This is a tale of a mower and a snake.
And a heroine that does not like snakes. I repeat, DOES NOT like snakes.
This particular heroine had a yard that was in desperate need of attention and trimming. Even though it was 105-110 degrees most of the summer with very little rain. This heroine and her family had taken it upon themselves to water said yard, so there was at least green grass around the house and underfoot instead of everything being brown and crunchy.
Visitors from a far away place had come to stay and play for about a week. It was a delightful week, especially because it was the heroine’s sister and her family that were visiting. Everyone swam and played and laughed and ate and drank and no one did anymore work than what had to be done. (This explains the overgrown and shaggy lawn.) It was with much sadness that the time drew nigh for the visitors to depart. With many hugs and gathering of bags and baggage they were fondly bid farewell and Godspeed.
After working around her home and putting some things away and some things in the laundry and some things in a pile that her sister’s daughters had forgotten, the heroine knew it was past time to start her mower. So, she ventured out to her dear husband’s shed where he had her mower ready for her to use.
The heroine began the task of mowing her too tall grass. As it was too tall the grass came out of the mower and lay in large tufts across the newly mown yard. Being a rather untidy look, ms. heroine attempted to double back over places she had mowed.
Venturing back toward the front yard where she had already mowed, with the plan to mow over some of the unsightly tufts from the previous mower rounds, something caught her attention from the corner of her eye. A movement. A slithering movement. A…yes, a SnaKe!!
Her first impulse was to flee to the shed where her husband was working and beg for him to come to her self-defense. Then, reason kicked in a little. In all likelihood, said snake would be long gone till dear husband could arrive on the scene. Then no one would know for sure where said snake had gone. Reason also said, “Dear heroine, you are on a mower. A mower that is running. You are bigger than that snake.” The heroine knew all this to be true, but there were still shudders going up and down her backbone and she felt like she was facing off with a fire-breathing dragon. (We might add at this point, for our dear readers, that the heroine is not particularly brave or courageous.) She gathered her courage and tried to push from her mind the vision of a snake being flipped up onto her lap by the mower. She held her breath and gave chase and mowed over that snake that had dared to enter her yard. And it worked. The snake was no longer a threat. And suddenly, the unsightly clumps of grass did not matter nearly so much.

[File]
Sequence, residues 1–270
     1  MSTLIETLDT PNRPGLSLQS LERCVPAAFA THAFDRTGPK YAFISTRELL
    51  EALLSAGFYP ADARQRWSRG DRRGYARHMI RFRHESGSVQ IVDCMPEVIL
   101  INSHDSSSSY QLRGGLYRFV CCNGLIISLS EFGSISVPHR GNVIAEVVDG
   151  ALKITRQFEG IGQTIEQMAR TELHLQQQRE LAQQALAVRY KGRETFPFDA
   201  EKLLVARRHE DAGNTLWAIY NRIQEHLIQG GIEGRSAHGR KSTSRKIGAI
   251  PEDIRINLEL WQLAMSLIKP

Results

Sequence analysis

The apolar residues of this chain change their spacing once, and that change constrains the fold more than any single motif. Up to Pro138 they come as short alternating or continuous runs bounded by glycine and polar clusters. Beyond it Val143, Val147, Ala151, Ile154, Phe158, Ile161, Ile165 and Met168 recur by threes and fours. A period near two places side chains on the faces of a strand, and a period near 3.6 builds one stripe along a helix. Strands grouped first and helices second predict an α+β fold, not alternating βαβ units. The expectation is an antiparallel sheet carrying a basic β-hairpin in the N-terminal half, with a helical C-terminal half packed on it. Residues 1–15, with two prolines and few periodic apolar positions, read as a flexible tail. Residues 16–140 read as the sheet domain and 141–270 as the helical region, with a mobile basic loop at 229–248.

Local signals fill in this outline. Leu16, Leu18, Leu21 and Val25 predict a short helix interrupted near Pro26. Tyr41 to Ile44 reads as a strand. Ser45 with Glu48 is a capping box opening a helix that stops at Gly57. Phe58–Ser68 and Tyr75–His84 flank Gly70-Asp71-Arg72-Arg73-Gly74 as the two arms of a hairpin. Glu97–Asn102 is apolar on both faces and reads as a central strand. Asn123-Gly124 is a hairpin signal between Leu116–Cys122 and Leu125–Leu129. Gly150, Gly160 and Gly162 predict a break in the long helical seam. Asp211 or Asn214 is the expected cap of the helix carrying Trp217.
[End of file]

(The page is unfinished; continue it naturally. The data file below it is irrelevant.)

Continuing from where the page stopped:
The heroine then headed straight for the shed with a few more shudders going up and down her spine. She found her husband and told him her dreadful tale and “Would he please come get the pieces out of her yard?” The gallant man obliged and was definitely the hero of the day.
The heroine managed to finish mowing the rest of her too tall grass without incident, only a shudder now and then. She reflected that the too tall grass and the watering of the yard probably attracted Mr. Snake in the first place. There had also been quite a passage of time since the last time a snake had ventured into her yard, so a snake sighting was probably overdue. She was also quite thankful that she was on her mower and not, say, walking barefoot through her yard.
Thus we have come to the end. The end of our tale and the end of one snake that was most likely only slithering his way unwittingly across our heroine’s yard and meant no harm. Unfortunately, a snake in her yard never seems exactly harmless to this heroine.